|Little Cayman is the smallest of the
three islands which constitute the country known as Cayman Islands. It is located
approximately 75 miles east-northeast of the largest and best known of the three islands,
Grand Cayman Island. About 8 miles further east from Little Cayman is the island of Cayman
Brac. I don't have official census figures available, but my best information is that
Grand Cayman has approximately 40,000 people living on it. Cayman Brac has about 3,500
residents, and Little Cayman can only boast about 100 full-time residents.
The island itself is tiny by anyone's standards. It is cigar-shaped, running east/west, and the long dimension is about 10 miles. In most places, it is less than a mile from the north shore over to the south shore. The highest point on the island is approximately 50' above sea level. The land was created by volcanic uplift millions of years ago, so the ground is made of very worn and pitted volcanic rock which is covered by sand and powdered coral.
As one would surmise from the population figures, Little Cayman is relatively undeveloped. There is a total of seven stop signs on the island, and of course no traffic lights. There is one road which runs around the perimeter of the island, and almost half of it is now paved. In addition, there are two roads which connect the north shore directly with the south shore. The maximum legal speed on any of the roads is 25 km/hr. The airport is but a dirt runway, and all control for that runway is done by the tower on Cayman Brac.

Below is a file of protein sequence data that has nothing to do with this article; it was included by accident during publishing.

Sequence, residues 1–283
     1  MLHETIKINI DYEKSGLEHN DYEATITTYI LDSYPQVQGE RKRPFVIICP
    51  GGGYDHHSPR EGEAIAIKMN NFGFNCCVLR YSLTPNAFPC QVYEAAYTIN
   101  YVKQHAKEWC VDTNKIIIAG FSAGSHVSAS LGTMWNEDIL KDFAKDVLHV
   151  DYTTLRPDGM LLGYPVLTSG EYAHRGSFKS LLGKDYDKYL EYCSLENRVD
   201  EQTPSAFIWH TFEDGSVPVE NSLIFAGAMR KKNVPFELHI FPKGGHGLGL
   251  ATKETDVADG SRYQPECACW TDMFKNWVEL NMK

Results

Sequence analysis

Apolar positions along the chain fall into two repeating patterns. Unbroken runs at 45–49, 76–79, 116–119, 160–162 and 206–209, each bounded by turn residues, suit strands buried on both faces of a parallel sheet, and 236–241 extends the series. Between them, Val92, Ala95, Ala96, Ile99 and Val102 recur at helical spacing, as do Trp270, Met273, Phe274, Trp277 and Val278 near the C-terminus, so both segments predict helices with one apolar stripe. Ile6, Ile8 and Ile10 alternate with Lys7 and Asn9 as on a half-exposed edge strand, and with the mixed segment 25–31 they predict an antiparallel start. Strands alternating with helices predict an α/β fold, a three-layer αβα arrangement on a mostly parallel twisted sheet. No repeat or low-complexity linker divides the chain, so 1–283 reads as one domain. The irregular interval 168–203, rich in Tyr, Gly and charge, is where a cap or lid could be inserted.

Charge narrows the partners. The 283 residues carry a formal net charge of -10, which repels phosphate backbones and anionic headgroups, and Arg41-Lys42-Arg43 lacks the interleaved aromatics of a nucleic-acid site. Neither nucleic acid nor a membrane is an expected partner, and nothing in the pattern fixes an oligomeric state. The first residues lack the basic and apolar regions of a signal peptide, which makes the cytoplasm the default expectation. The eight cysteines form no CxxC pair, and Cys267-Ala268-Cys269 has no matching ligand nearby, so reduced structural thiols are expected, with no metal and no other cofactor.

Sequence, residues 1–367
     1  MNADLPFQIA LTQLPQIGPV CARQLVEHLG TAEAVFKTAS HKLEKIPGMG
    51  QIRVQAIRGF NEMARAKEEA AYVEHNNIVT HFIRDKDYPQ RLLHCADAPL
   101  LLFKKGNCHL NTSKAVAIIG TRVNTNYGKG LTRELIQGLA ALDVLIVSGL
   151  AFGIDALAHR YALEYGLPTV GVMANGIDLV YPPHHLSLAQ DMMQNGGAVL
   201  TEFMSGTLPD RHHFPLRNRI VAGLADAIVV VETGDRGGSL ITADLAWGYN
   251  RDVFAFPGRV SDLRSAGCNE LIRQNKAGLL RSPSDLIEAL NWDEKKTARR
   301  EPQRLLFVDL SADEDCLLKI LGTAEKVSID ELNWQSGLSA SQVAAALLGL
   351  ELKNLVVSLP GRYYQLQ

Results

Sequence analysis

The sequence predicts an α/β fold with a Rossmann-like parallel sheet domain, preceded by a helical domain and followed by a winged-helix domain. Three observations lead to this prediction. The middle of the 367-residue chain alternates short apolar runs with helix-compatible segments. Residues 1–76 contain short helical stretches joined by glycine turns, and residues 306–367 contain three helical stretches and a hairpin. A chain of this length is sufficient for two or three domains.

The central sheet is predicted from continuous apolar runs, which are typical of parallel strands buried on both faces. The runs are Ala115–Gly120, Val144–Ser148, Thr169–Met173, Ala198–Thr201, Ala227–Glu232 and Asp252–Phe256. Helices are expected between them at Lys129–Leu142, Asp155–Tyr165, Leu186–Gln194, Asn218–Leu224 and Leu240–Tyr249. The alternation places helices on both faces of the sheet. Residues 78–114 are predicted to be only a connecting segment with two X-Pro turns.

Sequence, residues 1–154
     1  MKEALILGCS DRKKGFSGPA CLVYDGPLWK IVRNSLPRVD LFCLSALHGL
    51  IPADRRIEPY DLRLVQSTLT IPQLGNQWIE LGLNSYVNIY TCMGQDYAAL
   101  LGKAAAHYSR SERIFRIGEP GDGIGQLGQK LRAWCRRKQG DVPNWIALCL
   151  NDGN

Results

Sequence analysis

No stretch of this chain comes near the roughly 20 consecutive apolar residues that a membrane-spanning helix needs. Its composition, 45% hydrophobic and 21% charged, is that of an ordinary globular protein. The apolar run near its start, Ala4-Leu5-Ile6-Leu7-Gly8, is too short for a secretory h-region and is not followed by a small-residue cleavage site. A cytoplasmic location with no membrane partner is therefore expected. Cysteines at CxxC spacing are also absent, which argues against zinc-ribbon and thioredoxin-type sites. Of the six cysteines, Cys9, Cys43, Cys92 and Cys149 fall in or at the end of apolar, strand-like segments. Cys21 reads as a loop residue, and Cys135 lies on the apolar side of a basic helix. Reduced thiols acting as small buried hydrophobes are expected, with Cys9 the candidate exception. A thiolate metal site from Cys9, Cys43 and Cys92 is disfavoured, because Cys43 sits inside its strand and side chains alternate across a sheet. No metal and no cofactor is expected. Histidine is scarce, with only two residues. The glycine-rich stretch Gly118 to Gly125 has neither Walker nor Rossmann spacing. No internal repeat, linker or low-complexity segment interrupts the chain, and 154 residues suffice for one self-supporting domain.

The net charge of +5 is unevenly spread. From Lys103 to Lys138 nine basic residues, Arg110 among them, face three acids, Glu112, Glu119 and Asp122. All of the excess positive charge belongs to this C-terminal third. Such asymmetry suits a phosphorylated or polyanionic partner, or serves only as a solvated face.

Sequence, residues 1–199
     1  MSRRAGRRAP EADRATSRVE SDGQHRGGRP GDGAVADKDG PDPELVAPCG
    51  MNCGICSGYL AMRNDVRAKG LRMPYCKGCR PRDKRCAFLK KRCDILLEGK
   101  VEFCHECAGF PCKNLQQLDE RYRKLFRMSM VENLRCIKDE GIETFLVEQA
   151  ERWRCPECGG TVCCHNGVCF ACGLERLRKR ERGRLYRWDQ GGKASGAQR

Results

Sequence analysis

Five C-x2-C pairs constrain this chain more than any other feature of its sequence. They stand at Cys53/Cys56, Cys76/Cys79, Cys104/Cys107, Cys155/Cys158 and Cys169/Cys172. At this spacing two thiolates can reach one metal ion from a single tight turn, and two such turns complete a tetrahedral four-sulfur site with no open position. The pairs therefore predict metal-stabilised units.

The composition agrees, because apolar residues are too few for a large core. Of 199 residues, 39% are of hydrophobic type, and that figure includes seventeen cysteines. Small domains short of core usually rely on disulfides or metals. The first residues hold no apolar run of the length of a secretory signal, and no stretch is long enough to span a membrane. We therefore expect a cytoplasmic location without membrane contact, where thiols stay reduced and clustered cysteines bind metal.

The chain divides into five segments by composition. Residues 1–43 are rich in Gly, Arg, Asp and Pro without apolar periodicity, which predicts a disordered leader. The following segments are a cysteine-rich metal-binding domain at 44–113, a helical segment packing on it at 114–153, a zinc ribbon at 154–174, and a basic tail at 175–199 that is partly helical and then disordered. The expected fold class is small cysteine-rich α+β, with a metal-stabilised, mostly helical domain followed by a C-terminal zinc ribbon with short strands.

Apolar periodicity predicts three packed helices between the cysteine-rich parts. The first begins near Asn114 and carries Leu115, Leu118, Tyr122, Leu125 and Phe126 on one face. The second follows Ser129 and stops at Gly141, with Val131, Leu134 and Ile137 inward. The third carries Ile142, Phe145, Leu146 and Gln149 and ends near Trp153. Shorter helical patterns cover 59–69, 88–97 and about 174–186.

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Commercial facilities on the island are limited. There is a
general store (Village Square, Ltd.), which sells food, a few building supplies, and now
even some clothing and home appliances. There is another store (The Iguana Crossing) which
serves as a combination car rental agency, liquor store, T-shirt emporium, newsstand, and
insurance agency. Also in the same shopping mall is the island's one banking facility:
Cayman National Bank. They are only open for a few hours each Wednesday, thus giving a
whole new meaning to the phrase "bankers' hours". Down the road a bit there is a
real estate office, which is actually a branch office for a realtor on Cayman Brac (Tranquil Realty, Ltd.).
Also, each of the dive resorts operates a little curio shop with trinkets for sale.